Thursday, May 7, 2009

Who Needs a Lawyer Anyway?

Parties to civil lawsuits often ask whether it is necessary to retain a lawyer, or they can litigate their own case (known as "in pro per" or "pro se" litigant). This is ultimately a party's own decision. The following are some points to help guide you through your decision making process.

Sometimes it is Not Your Decision
Sometimes is not your choice whether or not to retain a lawyer. For example, in California a business entity (such as a corporation or an LLC) can appear in a case only through an attorney. In fact, it is a misdemeanor in California for a non-lawyer to represent a business entity in a case. If your business entity sues or gets sued in the Superior Court, you have no choice but to retain an attorney. On the other hand, California court system allows disputes of $7,500 or smaller to be brought in the Small Claims Court. If you get sued in the Small Claims Court or you wish to bring your claim in the Small Claims Court, you may not be represented by an attorney. In these scenarios, the law dictates whether or not legal representation is possible.

Costs of Retaining a Lawyer
In scenarios other than the above examples, you need to decide whether it is cost-beneficial for you to retain a professional (i.e., an attorney) to litigate the case for you. Your cost-benefit analysis must considers two factors: your incremental costs and your incremental benefit. The costs of retaining a lawyer can vary, depending on the complexity of the case and the experience level of the lawyers you consider. Some simple matters may be performed for a small flat fee, and more complex litigation matters handled by specialized attorneys may cost several hundreds of dollars every hour. These costs you need to balance against the benefits of retaining a lawyer.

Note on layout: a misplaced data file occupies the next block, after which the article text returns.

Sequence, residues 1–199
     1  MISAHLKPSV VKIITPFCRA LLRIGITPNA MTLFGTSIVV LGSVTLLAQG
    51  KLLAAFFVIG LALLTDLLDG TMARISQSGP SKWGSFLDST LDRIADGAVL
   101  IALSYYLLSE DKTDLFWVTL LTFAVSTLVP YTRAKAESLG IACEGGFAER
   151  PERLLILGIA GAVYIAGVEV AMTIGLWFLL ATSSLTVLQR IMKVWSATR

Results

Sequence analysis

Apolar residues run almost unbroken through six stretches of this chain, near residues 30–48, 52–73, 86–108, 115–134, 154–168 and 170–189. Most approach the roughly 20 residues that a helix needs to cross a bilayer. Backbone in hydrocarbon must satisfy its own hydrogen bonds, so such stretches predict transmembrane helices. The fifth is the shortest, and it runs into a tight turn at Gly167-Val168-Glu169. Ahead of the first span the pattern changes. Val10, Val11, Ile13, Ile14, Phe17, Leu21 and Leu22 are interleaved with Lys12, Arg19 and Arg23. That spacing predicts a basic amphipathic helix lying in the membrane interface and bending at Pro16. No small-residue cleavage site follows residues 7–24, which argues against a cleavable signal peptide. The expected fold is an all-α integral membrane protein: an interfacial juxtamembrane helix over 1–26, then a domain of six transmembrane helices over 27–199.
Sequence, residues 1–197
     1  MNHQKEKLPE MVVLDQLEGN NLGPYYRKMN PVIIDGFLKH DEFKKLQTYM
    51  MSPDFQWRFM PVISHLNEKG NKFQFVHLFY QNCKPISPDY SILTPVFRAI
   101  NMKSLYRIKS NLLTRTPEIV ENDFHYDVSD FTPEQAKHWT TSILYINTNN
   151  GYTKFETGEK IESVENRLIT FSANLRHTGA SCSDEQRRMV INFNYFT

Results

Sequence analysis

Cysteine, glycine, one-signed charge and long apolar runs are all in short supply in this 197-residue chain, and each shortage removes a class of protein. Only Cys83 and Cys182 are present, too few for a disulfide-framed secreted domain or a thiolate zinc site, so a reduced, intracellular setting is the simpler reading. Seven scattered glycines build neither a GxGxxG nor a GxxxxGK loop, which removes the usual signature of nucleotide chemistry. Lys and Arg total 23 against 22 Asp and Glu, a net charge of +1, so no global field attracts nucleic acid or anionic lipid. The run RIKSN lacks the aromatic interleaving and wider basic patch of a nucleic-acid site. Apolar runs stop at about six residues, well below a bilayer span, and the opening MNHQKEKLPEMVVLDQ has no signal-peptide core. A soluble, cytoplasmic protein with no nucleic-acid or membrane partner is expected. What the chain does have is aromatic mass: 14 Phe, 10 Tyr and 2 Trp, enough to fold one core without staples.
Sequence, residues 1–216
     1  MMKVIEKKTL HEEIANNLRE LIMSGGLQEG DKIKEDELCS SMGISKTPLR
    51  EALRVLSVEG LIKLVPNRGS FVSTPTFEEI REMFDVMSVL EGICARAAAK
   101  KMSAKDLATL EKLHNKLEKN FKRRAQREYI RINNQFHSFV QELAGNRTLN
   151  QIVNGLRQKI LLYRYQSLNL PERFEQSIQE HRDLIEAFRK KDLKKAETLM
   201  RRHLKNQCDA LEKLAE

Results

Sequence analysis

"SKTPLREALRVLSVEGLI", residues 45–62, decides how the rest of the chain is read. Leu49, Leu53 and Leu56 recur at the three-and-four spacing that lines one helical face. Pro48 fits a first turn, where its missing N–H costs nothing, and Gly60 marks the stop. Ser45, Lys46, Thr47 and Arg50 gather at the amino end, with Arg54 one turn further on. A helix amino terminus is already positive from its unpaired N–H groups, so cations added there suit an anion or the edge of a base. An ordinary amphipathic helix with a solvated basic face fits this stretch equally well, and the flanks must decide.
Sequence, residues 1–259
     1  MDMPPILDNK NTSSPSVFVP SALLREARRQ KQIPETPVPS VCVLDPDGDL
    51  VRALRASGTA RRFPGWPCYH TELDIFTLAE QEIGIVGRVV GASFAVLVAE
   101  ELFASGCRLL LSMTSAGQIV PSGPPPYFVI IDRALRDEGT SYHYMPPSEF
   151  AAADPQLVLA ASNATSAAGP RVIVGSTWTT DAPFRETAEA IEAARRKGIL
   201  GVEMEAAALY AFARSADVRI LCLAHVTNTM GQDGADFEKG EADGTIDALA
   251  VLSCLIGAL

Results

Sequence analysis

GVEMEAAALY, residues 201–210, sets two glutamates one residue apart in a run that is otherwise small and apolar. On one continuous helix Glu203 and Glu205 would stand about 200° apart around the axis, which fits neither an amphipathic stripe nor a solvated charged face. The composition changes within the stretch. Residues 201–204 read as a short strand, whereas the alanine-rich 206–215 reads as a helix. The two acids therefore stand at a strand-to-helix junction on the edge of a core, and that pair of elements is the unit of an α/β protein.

Benefits of Retaining a Lawyer
Litigation can often be intricate and complex. Litigating a case requires knowledge of the procedural rules, knowledge of the substantive laws, experience and some common sense. It is possible for a party who had a stong case to lose in court because the proper legal procedures were not followed. For example, if you file your lawsuit beyong the statute of limitations, you will simply have no case at all. On the other hand, when a defendant properly brings a demurrer motion to a complaint, she may be able to dispose of plaintiff's lawsuit in a very early stage. When the parties are involved in multi-million dollar lawsuits, they do not hesitate to retain the best attorneys money can buy. With smaller disputes, parties consider less expensive alternatives. In either scenario, a lawyer's assistance can prove invaluable. Just as you would seek a physician's help with a surgical operation, you should get professional legal help in litigation matters.

The Wisdom of Old Adages
We have all heard the saying “he who is his own lawyer has a fool for a client”. There is a good deal of truth to this. Litigation requires technical knowledge and skills, and proper focus. Parties to a lawsuit often get too involved in the dispute to be able to see the big picture. Retaining a lawyer not only provides you the lawyer's knowledge and skills, but also adds this element of "focus" to your lawsuit. Since your attorney is not a party to the disputes, your attorney can keep a "cool head" and advise you about the pitfalls and opportunities. As the saying goes "cooler heads will prevail."

The bottom line is how important is the outcome of this civil lawsuit to you. Say you have a $250,000 claim for damages, or your are faced with defending a $250,000 lawsuit. Do you feel you have sufficient knowledge, skills and focus to handle the lawsuit? Would you risk losing the case in order to save legal fees?

Photograph from Wikimedia, under creative commons license.

Robin Mashal is a partner at the law firm of Hong & Mashal, LLP, and can be reached at (310) 286-2000. His practice focuses on business law, real estate law and civil litigation. Hong & Mashal LLP is a California business law firm.